Miranda Sawyer on London's problem with the rest of the UK
PUBLISHED: 13:13 21 July 2016 | UPDATED: 13:14 21 July 2016
The People's Republic of Lambeth. I know, I know, what a load of smug rubbish, but on the morning of June 24, there were many people around me that seemed up for the idea.
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Lambeth, second only to Gibraltar in its support of Remain (78.6% of the vote), woke up to the devastating, surreal Leave result. Then Sadiq Khan seemed to indicate that he might try to keep London in the EU (this is impossible, by the way, also ludicrous)… No wonder people started to come over all Wolfie Smith. Power to the people! The people of Lambeth, anyway.
But not everyone was so rebellious or resilient. When I dropped my kids off at school that morning, some parents were in tears. Parents born in Poland, Slovakia, Romania, even countries like France and Spain, were worried and upset. The school is very mixed, socially and culturally. Around 50% of the school’s pupils have English as a second language; more than 20 different languages are spoken across its community. The children had had a Brexit debate during the week. More than 90% of the pupils voted to Remain.
I tried to joke my way through the downbeat atmosphere. “I lived through Thatcher!” I said. “You just have to put your head down and ignore the establishment.”
Another parent put me straight. “That’s easy for you to say,” she said, not nastily. “You are white and English.” There were, she pointed out, many parents who were now worried about their status. Whether they can stay. Whether their children can stay – some of them were not born here. They fear being “sent back”.
My daughter’s two best friends are Italian-English and Irish (that is, their parents are: how far back do you want?). My son’s: Jamaican-English and English, with Ghanaian grandparents. They’re fine, we reassured them. It’s all fine. You’re all British. You’re all legit. Nobody needs to leave.
But it’s not the reality, it’s the perception that makes people scared and sad. If you believe yourself unwanted, you see hatred everywhere. I saw a grown man, a valued chef who works in a restaurant favoured by celebrities. He’s from Brazil. He was crying.
The next day, my husband told me that a casting agent he knows was shouted at on the bus. A man yelled: “F**k off! Go home!” It’s the first time in her entire life in London that this has happened to her. She got off the bus. Ironically, she’d been on her way home.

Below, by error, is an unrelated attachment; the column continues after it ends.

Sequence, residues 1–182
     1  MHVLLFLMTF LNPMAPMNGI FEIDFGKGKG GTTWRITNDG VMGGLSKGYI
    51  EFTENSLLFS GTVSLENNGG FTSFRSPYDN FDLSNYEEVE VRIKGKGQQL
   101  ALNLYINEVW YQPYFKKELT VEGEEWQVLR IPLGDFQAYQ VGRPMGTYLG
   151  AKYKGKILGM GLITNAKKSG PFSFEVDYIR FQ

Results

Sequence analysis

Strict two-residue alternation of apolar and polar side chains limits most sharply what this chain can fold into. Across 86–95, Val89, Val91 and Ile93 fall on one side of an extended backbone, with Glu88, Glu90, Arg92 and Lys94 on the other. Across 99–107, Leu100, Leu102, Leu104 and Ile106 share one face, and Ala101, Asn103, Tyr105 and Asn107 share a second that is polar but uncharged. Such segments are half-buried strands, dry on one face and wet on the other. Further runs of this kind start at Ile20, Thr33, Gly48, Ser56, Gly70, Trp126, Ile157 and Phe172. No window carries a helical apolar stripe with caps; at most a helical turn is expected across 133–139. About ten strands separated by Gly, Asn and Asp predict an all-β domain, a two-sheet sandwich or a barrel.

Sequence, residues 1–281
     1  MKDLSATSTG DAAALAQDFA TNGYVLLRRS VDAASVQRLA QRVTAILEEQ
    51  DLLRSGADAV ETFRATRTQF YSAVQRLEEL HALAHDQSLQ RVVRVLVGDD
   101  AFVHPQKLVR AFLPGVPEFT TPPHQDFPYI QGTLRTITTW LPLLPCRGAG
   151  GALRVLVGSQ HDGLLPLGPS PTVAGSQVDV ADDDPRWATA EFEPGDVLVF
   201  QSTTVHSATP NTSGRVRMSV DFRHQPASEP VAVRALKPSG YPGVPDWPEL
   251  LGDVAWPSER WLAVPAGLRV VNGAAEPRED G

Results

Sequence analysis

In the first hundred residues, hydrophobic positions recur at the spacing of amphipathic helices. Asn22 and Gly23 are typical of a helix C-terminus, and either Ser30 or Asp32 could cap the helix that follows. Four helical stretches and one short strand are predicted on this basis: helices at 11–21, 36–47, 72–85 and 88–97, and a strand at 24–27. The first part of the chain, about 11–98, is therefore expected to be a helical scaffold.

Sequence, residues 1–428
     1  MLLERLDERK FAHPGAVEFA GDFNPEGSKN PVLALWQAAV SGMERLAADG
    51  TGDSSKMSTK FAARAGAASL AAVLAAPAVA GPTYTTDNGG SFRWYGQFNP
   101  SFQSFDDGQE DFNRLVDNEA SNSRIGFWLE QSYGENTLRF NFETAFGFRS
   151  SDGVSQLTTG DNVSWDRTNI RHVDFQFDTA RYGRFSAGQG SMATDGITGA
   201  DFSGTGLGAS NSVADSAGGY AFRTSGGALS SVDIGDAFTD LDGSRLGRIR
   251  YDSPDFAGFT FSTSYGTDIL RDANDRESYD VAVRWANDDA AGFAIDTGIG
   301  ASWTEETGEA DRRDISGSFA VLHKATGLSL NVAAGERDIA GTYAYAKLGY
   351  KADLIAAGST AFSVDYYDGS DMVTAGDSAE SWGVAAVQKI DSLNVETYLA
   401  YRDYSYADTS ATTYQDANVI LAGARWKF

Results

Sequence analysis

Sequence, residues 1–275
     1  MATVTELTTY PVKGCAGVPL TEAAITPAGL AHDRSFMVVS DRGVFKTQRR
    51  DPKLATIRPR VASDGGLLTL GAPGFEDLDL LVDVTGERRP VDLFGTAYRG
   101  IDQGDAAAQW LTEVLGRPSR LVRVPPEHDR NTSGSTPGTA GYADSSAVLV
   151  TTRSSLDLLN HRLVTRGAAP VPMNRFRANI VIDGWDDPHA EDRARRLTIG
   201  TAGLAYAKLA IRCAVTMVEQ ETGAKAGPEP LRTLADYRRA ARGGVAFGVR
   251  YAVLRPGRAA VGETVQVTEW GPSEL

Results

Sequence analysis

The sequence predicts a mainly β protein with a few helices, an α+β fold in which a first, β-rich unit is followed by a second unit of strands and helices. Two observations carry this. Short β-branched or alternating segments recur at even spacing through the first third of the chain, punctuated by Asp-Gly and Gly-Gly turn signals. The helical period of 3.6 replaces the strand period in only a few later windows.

“Where did this happen?” I asked. My husband didn’t know. I thought: “Not in Lambeth, surely”. Surely.
Part of London’s raison d’etre is to accept foreigners, and Lambeth is good at this. When I first moved to the borough, in 1990, I only knew people who were not from London. My friends came from Manchester (I’m from Cheshire), Liverpool, Leeds, Bristol, Edinburgh, Perth. Then, as I met more people, my friends came from further afield. Brixton, where I lived then, and live now, welcomes people from all over the world. There’s a well-established Caribbean community, but also a Portuguese one, Nigerian, Brazilian, French, Italian, Polish... You only need to look at the variety of places of worship to see how international the place is.
And what joined ordinary, suburban me with all these different people was that they, too, had needed to leave where they were from. Some had been forced out by the regime they were living under; others felt that life opportunities could only be found away from home; others that they’d had a yearning inside them, a want that their birth-town couldn’t satisfy. That’s what unites Londoners who don’t come from London. The fact that we come from somewhere else. That we travelled to get here. And then we found the People’s Republic and we don’t want to move any more. Which is, of course, the problem. The People of the Republic don’t travel all that much: at least, not in their own country.
I’ve mentored kids who were born and bred here, and had to explain to them how to get to Oxford Circus, just seven stops away on the tube. They never leave Brixton. Aside from them, many people who were born overseas don’t usually have the money to travel; and when they have, they go abroad to visit family. Even those who moved to Lambeth from within the UK don’t explore all that much. No one who’s from southern England chooses the north of their country for a break. They chase the holiday sun.
The fact is that not many people from Lambeth – from London – bother to visit the parts that Lambeth attitudes cannot reach. Places like Newport, Sunderland, even Birmingham, are not on their radar. Unless they have friends or relatives there, or they follow football, or go to university, Londoners don’t visit other parts of the UK. I’ve met people who have been to Machu Picchu but never seen Newcastle; who have checked out Goa but not Scotland.
So it’s our own fault, really. Lambeth knows its own mind – it will never vote Tory, it will always be inclusive, it likes to collaborate and celebrate difference – but it doesn’t know anyone else’s. The People’s Republic of Lambeth sounds fun, but actually, we need to leave it from time to time.
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